How to Teach Digital Methods for Chinese Studies
Donald Sturgeon — Preceptor at Harvard’s East Asian Languages and Civilizations Department and former Fairbank Center An Wang Postdoctoral Fellow — explains how to build a digital humanities course.
Digital methods have revolutionized many fields of study, not only by offering more efficient ways of conducting research and teaching along traditional lines, but also by opening up entirely new directions and research questions which would have been impractical or even impossible to pursue prior to the digital age.
This digital revolution offers new and exciting opportunities for many humanities subjects — including Chinese studies. Through the use of computer software, digital techniques make possible large-scale studies of volumes of material which would once have been entirely impractical to study in depth due to the time and manual effort required to assemble and process the source materials. Even more excitingly, they offer the opportunity to apply sophisticated statistical techniques — often already extensively developed in other fields due to applications in science and industry — to give new insight and understanding into important humanities questions.
Against this background, in 2016 as part of the Fairbank Center’s Digital China Initiative and with the support of the Department of East Asian Languages and Cultures, a graduate-level course titled Digital Methods for Chinese Studies was offered for the first time to the Harvard community.
This course aimed to introduce students working primarily in Chinese studies to practical programming skills and digital humanities techniques which they would be able to apply to their own research in future. While assuming no technical background in programming or digital techniques, over the course of the semester students obtained hands-on experience with modern software techniques for analysis and visualization of textual materials. This began with a practical introduction to programming using Python, which served as the backbone of the rest of course by giving students practical experience with creating the software “glue” typically needed to bind together different techniques and sources of real-world data in order to perform meaningful research using digital methods.
While not a programming course and therefore not attempting to comprehensively cover an entire programming language, the programming element was fundamental to the overall goal of enabling students to carry out useful research using digital techniques independently, both as part of the course and in their future work. By allowing students to learn how to transform large amounts of data from whatever form it may currently be available in — such as web pages, academic databases, and other varied collections of primary source data — into forms to which useful analysis can be applied, the programming component of the course also made it possible for each student to work directly with materials relevant to his or her own research instead of simply working with examples chosen by the instructor.
[Digital Humanities] offer the opportunity to apply sophisticated statistical techniques to give new insight and understanding into important humanities questions.
At the same time as introducing basic programming, the course also covered an ambitious range of digital methods with a focus on methods applicable to the study of textual materials. These began with simple but highly flexible techniques such as regular expressions, a standard mechanism for specifying and identifying patterns in textual data — and one particularly well-suited to Chinese language materials, given the latter’s high per-character semantic content. The course then moved on to more specialized and advanced techniques, starting with practical methods for harvesting large amounts of data automatically from websites and online repositories — this was one of the ways in which students obtained the data needed for their research projects. Other topics covered included automatic identification of textual similarity and text reuse, network visualization of relational data, distant reading using topic modeling, and finally principal component analysis and machine learning.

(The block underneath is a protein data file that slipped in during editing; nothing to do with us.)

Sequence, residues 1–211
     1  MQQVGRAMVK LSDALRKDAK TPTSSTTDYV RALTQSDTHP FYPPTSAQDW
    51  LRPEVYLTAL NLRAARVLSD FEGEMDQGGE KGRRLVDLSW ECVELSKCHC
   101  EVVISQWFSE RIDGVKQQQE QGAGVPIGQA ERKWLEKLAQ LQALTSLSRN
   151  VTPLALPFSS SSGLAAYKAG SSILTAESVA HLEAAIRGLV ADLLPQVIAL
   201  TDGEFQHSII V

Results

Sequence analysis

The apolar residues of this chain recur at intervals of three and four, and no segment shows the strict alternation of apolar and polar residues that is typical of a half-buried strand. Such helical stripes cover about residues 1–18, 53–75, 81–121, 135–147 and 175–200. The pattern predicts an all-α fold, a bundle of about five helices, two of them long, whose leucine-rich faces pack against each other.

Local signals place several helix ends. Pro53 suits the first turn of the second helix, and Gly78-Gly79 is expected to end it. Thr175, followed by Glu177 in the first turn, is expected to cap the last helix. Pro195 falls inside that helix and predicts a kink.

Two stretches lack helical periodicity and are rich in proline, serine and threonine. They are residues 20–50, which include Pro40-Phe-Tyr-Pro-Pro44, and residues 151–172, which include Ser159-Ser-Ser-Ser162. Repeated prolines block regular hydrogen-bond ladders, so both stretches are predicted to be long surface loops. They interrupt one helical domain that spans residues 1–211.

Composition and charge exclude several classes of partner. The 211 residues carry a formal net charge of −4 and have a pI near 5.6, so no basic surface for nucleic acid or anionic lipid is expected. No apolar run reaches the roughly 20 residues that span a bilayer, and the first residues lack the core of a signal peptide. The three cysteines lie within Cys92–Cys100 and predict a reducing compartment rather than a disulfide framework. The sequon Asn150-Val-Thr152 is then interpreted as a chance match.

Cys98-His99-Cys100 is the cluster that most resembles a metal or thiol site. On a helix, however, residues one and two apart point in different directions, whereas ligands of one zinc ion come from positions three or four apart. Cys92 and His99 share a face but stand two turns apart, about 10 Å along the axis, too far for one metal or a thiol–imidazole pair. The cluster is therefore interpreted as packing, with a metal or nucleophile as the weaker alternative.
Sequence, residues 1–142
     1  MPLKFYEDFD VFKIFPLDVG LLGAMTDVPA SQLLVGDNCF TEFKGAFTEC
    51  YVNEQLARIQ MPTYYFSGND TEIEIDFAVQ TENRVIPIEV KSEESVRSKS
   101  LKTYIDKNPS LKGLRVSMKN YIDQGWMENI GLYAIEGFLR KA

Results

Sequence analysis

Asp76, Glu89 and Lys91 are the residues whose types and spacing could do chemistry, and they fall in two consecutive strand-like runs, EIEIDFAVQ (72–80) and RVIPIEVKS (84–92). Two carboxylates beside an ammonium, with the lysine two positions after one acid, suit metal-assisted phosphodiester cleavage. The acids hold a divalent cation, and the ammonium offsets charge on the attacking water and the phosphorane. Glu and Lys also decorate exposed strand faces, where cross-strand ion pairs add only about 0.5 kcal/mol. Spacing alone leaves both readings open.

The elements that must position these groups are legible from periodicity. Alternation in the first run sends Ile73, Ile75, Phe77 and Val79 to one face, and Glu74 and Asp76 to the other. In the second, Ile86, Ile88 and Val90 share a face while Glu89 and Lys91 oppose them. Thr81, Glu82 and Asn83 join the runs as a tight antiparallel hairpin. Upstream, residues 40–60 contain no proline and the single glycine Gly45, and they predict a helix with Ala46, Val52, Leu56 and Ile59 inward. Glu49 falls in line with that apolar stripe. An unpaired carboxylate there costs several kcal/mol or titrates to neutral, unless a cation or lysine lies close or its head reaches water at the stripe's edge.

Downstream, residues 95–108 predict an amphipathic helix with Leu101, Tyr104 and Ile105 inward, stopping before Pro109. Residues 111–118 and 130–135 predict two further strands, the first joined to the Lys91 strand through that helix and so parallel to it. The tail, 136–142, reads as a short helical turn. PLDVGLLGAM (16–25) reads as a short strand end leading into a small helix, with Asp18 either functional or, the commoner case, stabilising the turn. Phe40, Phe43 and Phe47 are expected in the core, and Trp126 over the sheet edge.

Given the nature of the material and goals of the course, the format was highly interactive, and each of the topics covered was introduced with practical examples and applied by all students in class to appropriate data. Each weekly session typically began with an introduction of new concepts introduced and an overview of the techniques themselves, followed by a hands-on lab session in which students applied these techniques in practice using real data. The final session of the course consisted entirely of student presentations, in which each student introduced their own data, methods, results, and analysis based on the application of techniques covered during the course to their own research materials. There were many excellent presentations covering a wide variety of topics; to give an indication of what students were able to achieve over the course of a semester, below are concrete examples taken from two of the student projects from the Spring 2017 course.
Student Projects from the Digital Methods Course
1. Chinese stories of talented scholars and beauties
This project by Wenchu Zhu focused on a genre of pre-modern novels traditionally grouped together as “Stories of talented scholars and beauties (才子佳人小說)”. The complete text of the 22 titles chosen for the project were first fetched using Python by Application Programming Interface (API) from the Chinese Text Project database. The texts chosen intentionally included several works for which authorship and dating are unknown or disputed, and one goal of the project was to identify and interpret possible evidence for the authorship of these texts on the basis of a comparison of their content and style to those of other texts included in the study.
Wenchu applied a variety of techniques in her project, including using similarity measures to compare how vocabulary usage varied across the texts, and using Support Vector Machines (SVMs, one type of machine learning algorithm) to train a statistical model to accurately distinguish between texts written in various different styles based on analysis of their content, also evaluating its reliability against known cases. She then applied a similar technique using SVMs to build a statistical model aiming to distinguish between novels composed in different time periods based on word usage. This model was trained and evaluated using data from texts with known authorship to demonstrate the reliability of its results, then applied to texts with questionable authorship to give predictions about their likely origin.